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Locals call it mud season, I call it lovely. There’s nothing quite like spring in the Adirondacks. Everything is changing — wildflowers start appearing along trails, birds return from their southern sojourn, and the melting snowpack sends water pouring into streams, making them more dramatic to see. And of course, everything is wet, wet, wet. It is mud season, after all.

Hiking this time of year requires a bit of special consideration, but the pros outweigh the cons if you can get it down. Popular trails are less crowded, there’s always a cool breeze, and the leafless, budding hardwoods make for over-the-shoulder teaser views while ascending steep slopes. I wanted to put some spring hiking considerations to the test on Goodnow Mountain, and in the process I made a handy guide for anyone interested in visiting the Adirondacks before summer kicks off.

1. Pick a trail that stays under 3,000 feet in elevation

This guideline was my inspiration for hiking Goodnow Mountain. Well, that plus the fact that I’d never been there, and I’m always up for a new peak. Following the 3,000-foot rule gives trails on higher mountains a chance to dry out and harden so they can better withstand hikers’ footsteps. I get it — I love the High Peaks too — but protecting our forests is more important to me than nabbing a summit. Goodnow is 2,690 feet in elevation, so that checked out. And guess what? Since there’s a fire tower at the top I knew there’d be a great view, and what a view it is! More than 20 High Peaks can be counted from the tower, and smaller mountains and lakes were spread in every direction. It’s not bad being under 3,000 feet!

2. Stay on the trail, walk through the mud

If you’re an avid hiker, you know nature is full of surprises. One thing that shouldn’t surprise the spring hiker is mud. Lots of it. So make sure you wear a good, sturdy pair of hiking boots, because part of hiking during mud season is getting those boots dirty. Speaking of dirt, always stay on the trail to avoid widening it, which can increase erosion and damage the forest. Even if the terrain ahead looks more like a swamp than a path, do the right thing and push through it. Your boots can handle it!

3.Don’t pick the pretty flowers

As I hiked up Goodnow, I was happy to see a bunch of spring ephemerals — wildflowers that appear right after the snow melts and before leaves appear on trees — along the trail. There were trout lilies, spring beauties, red trillium, and violets. It might be tempting to make a spring bouquet, but resist the urge. The best way to take flowers home is to take pictures of them.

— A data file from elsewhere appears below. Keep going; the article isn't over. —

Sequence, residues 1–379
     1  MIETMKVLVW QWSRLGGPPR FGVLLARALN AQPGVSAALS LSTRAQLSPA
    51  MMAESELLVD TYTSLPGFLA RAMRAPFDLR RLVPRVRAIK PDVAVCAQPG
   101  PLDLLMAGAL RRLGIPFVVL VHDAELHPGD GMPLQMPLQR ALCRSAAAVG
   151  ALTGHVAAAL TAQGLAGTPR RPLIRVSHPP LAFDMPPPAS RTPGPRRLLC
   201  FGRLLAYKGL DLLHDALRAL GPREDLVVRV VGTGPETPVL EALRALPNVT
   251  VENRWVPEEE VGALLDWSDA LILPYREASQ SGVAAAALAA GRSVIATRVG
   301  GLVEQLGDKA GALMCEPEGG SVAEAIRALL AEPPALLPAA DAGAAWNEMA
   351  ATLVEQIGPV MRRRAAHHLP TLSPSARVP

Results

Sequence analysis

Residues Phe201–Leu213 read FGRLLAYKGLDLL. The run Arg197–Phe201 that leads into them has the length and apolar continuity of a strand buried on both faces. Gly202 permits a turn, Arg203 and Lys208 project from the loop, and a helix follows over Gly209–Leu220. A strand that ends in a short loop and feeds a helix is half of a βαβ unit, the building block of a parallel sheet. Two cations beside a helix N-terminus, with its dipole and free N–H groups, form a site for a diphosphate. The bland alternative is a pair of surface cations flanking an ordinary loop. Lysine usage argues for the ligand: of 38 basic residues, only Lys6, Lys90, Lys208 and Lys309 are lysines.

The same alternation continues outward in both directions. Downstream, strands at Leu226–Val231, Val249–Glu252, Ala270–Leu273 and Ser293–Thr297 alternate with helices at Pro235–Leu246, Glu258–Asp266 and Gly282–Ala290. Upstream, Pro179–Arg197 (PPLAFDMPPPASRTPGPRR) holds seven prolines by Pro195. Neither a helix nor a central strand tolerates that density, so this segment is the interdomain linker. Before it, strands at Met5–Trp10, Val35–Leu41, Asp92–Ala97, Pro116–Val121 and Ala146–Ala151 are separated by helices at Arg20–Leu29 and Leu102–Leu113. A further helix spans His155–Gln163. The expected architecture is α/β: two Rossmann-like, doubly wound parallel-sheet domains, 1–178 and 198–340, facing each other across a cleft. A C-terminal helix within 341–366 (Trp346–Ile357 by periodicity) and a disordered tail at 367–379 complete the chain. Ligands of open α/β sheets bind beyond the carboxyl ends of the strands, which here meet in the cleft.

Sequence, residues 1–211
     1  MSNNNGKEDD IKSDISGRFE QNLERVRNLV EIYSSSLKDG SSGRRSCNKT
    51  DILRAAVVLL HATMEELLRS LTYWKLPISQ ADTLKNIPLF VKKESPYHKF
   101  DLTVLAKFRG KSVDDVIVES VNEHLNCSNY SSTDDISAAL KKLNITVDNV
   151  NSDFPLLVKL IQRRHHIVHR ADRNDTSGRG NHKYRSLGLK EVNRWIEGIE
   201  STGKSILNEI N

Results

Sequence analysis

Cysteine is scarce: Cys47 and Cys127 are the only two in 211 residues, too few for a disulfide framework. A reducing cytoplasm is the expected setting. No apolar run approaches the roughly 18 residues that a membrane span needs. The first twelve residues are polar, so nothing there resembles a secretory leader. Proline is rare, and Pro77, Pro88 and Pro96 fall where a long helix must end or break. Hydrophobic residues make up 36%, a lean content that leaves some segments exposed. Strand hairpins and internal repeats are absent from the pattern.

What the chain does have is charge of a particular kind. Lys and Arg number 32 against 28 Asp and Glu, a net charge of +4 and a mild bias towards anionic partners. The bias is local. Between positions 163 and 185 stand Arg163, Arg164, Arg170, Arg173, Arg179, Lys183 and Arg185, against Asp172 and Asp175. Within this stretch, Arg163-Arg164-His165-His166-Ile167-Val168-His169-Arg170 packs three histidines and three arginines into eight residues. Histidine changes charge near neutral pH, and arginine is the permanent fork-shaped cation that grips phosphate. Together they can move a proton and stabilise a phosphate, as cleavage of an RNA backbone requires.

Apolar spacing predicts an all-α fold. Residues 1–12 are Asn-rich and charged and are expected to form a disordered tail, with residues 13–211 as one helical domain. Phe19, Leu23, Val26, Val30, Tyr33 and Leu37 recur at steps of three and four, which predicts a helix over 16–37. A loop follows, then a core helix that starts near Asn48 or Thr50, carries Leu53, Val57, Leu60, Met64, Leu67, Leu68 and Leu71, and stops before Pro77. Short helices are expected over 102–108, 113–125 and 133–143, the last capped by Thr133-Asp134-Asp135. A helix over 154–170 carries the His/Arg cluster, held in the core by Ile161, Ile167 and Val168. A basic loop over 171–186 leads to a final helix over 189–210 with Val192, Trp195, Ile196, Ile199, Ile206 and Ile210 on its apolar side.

4.Don’t carve your name into trees, lean-tos, or anything else

The 2-mile path up Goodnow is about as gentle as a trail up a mountain can be. There are a few bridges and catwalks for getting over wet areas and streams; it was shortly after one of those that I discovered a large yellow birch bearing a number of deep, human-inflicted scars on its trunk. I don’t know who Martin is, but I’d like to have a word with him. This type of forest graffiti is unsightly to say the least, but it also compromises the tree’s armor, making it more susceptible to diseases and parasites. No one wants to see your initials while they’re hiking, so please resist the temptation to carve.

5. Carry it in, carry it out

One thing that struck me when I started hiking in the Adirondacks some 20 years ago was how clean the trails here are. It’s a simple concept — if you bring it into the woods, take it back out with you. Most hikers I’ve met are conscientious of this, so it’s safe to assume two things. One, the occasional water bottle found along the trail was accidentally dropped from a pack, and two, it’s good to grab those lost items as you pass them. I picked up an empty plastic bottle and a granola bar wrapper on my Goodnow Mountain hike.

6. Only build a fire in designated

Goodnow’s summit is an awesome place. Besides the view I described earlier, there’s plenty of open rock to relax on. Unfortunately, the first thing I noticed as I stepped out onto the rock, besides the impressive fire tower, was the remains of a campfire. With no fire ring to contain the fire, and no source of water to pull from to make sure it’s out, it’s ironic, for sure, that a fire hazard was located at the base of a fire tower, a structure originally built to survey the landscape for forest fires.

If you want to check out the night sky from a mountaintop, I suggest picking a mountain with a designated campsite near the top, or hiking the peak in the late afternoon and returning via headlamp. An open, windy area is no place for a fire!

Goodnow Mountain stats

  • Getting there: Take exit 29 from Interstate 87 and head west on Blue Ridge Road, toward Newcomb. After about 18.5 miles, turn right on Route 28N and follow that for about 9 miles as it goes through Newcomb. The large parking area is on the left, about 1.5 miles after the Adirondack Interpretive Center.
  • Distance: About 1.9 miles to the summit
  • Elevation: 2,690 feet
  • Elevation gain: 1,040 feet